*This interview has been edited for length and clarity

DoubleBlind: Tell me a bit about yourself. You’re originally from Baltimore, right?

Mazie: I am. I grew up for the most part in Baltimore. I was always into music, from the second I I gained consciousness. My mom was basically like, “Listen, I see that you’re singing all the time, so let’s make this a little more proper.” She put me into classical voice lessons, and I sang opera from the age of 10 pretty much until I was 18. I got really into jazz and vocal jazz, and through that, I learned melody and improvisation. I was writing all the time—poems and stories and things. I started making songs at a pretty early age, as well. That was all pretty much between the ages of 12 to 15. 

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When I was 15 years old I found that my neighbor, Elie Rizk, had a recording studio in his basement. I was over there pretty much every weekend, and we were jamming all the time, writing a lot of music, and then decided to work on an album together while I was in high school. That was the first project I had ever made, and Elie and I have been working together ever since. It’s been almost a decade of making music together between the two of us. 

That’s super cool! It makes sense knowing that you have all of this background in music, because the music you release now is very polished. It seems like from out the gate you had fully formed songs—there was no lo-fi period.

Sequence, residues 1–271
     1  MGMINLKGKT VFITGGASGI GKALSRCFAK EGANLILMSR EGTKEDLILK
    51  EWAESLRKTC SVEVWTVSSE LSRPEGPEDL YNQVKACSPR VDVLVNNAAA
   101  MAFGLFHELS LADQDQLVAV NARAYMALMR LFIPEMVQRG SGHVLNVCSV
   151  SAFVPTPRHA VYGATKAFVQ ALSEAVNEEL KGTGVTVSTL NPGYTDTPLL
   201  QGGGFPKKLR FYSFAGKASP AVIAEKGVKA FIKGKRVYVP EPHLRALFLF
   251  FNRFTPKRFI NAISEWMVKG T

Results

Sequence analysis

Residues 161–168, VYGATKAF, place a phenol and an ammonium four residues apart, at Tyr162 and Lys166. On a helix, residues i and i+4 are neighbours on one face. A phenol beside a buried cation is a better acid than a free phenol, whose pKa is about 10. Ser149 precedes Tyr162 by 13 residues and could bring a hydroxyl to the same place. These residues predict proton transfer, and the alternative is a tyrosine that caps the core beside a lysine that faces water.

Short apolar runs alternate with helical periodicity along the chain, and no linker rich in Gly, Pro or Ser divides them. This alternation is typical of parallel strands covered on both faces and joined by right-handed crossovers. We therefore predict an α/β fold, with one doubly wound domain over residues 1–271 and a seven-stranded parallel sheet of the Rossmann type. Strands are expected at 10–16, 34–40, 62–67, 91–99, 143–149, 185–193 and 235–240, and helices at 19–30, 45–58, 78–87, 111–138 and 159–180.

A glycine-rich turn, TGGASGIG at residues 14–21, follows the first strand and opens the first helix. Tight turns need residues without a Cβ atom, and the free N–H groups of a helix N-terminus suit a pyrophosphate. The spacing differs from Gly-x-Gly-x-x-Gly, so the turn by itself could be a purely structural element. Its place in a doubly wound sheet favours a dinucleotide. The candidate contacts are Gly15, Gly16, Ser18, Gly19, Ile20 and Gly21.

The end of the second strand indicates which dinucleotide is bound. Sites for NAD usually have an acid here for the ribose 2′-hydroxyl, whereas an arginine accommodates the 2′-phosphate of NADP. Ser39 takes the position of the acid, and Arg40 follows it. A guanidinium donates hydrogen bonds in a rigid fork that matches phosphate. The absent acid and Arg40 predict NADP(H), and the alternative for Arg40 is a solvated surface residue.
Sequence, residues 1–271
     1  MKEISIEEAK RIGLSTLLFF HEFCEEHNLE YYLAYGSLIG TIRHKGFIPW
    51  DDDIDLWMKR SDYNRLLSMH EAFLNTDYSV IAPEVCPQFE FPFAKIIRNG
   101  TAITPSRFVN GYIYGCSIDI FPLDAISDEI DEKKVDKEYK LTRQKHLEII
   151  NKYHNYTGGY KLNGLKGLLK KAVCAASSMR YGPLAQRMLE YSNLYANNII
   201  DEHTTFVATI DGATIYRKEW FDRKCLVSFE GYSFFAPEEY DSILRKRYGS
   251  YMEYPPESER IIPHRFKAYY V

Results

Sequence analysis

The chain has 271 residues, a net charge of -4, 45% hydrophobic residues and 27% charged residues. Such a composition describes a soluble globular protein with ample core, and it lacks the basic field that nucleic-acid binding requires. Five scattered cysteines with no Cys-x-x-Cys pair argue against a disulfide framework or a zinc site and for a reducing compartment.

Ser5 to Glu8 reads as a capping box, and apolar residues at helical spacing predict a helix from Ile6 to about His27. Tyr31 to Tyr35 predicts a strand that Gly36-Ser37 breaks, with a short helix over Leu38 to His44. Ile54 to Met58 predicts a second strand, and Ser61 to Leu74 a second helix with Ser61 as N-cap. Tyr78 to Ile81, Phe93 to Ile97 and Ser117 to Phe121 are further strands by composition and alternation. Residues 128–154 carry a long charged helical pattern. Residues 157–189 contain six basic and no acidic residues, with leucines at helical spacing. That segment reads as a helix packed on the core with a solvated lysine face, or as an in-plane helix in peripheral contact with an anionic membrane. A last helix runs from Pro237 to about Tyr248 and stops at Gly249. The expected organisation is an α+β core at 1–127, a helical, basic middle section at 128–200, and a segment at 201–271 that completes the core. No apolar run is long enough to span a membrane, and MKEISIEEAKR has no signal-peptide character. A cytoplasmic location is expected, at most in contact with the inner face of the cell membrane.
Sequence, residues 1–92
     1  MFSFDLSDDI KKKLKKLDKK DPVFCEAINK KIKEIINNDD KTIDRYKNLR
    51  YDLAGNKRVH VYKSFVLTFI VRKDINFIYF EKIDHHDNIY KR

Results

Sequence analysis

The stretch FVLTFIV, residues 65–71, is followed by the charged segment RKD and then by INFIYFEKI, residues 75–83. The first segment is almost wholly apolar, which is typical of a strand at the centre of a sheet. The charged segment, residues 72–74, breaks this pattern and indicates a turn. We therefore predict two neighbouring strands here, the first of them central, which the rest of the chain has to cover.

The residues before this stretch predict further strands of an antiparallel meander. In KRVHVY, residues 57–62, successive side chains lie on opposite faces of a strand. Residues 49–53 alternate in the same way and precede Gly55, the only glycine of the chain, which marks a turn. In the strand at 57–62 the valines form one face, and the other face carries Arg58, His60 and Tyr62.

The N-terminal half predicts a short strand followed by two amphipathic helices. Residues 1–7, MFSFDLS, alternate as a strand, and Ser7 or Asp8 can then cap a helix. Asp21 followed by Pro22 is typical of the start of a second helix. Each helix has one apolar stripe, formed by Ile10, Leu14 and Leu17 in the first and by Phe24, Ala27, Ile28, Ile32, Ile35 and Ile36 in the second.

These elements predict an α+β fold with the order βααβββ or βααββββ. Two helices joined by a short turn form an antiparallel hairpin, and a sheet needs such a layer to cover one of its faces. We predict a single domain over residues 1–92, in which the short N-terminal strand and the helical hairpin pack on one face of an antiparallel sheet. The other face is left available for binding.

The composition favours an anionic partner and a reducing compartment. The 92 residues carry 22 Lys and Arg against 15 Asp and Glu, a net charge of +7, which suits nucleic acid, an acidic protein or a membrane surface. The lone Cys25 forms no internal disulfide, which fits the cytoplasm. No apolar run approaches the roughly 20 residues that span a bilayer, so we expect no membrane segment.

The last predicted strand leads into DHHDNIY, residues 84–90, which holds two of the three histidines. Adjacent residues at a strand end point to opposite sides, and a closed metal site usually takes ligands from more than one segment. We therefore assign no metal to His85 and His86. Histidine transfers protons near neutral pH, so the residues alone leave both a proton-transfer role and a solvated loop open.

I really appreciate you saying that. That’s how we presented it to the world for sure, but there were so many projects and full albums and full EPs of just testing, trying to get to The Rainbow Cassette. The world knows me from The Rainbow Cassette onward, but we have been working at it for a long time. 

Let’s talk about Philadelphia. You went to Drexel University for a while and earlier, before this interview, you said that being there fundamentally changed you as a person. Then you ended up moving to Los Angeles with 10 or 15 of your friends from Philly and Maryland. Were there any formative moments or formative experiences you had while you were in Philly that crystallized the Mazie sound or style or look? 

Yes, it’s very apt to be talking to DoubleBlind about it. I began my journey with psychedelics in general in college, in Philadelphia. It’s definitely not a coincidence that I reflect on the city that way just because so many moments of personal growth happened with psychedelic experiences with friends in Philadelphia—specifically with LSD in particular. 

READ: Melissa Etheridge on Her Transformative Plant Medicine Experiences and Embracing Her “True Self”

Mazie in bathtub
Photo by Jade Sadler

[LSD] was my first entrance into psychedelics. That was my first love when it came to psychedelic experiences. It’s extremely powerful, it’s extremely potent, and I feel like I just rapidly developed a sense of self and taste—the music that I loved and the relationship I was developing with music—while having these experiences. All of that folded in on this Mazie project. It’s definitely where Mazie really began.